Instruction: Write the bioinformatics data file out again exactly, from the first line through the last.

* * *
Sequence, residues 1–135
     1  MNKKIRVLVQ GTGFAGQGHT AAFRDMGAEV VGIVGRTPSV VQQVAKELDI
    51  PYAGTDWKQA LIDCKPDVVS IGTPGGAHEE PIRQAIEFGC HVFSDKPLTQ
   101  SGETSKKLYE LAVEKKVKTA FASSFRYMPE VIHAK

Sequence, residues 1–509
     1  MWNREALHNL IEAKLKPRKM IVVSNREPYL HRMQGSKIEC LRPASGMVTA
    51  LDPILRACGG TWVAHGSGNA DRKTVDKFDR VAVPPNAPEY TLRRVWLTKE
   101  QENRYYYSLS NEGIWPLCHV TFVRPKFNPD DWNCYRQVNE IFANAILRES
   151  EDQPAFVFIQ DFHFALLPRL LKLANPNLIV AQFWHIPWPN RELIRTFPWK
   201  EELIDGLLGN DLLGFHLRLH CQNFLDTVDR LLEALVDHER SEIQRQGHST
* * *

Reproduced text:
Sequence, residues 1–135
     1  MNKKIRVLVQ GTGFAGQGHT AAFRDMGAEV VGIVGRTPSV VQQVAKELDI
    51  PYAGTDWKQA LIDCKPDVVS IGTPGGAHEE PIRQAIEFGC HVFSDKPLTQ
   101  SGETSKKLYE LAVEKKVKTA FASSFRYMPE VIHAK

Sequence, residues 1–509
     1  MWNREALHNL IEAKLKPRKM IVVSNREPYL HRMQGSKIEC LRPASGMVTA
    51  LDPILRACGG TWVAHGSGNA DRKTVDKFDR VAVPPNAPEY TLRRVWLTKE
   101  QENRYYYSLS NEGIWPLCHV TFVRPKFNPD DWNCYRQVNE IFANAILRES
   151  EDQPAFVFIQ DFHFALLPRL LKLANPNLIV AQFWHIPWPN RELIRTFPWK
   201  EELIDGLLGN DLLGFHLRLH CQNFLDTVDR LLEALVDHER SEIQRQGHST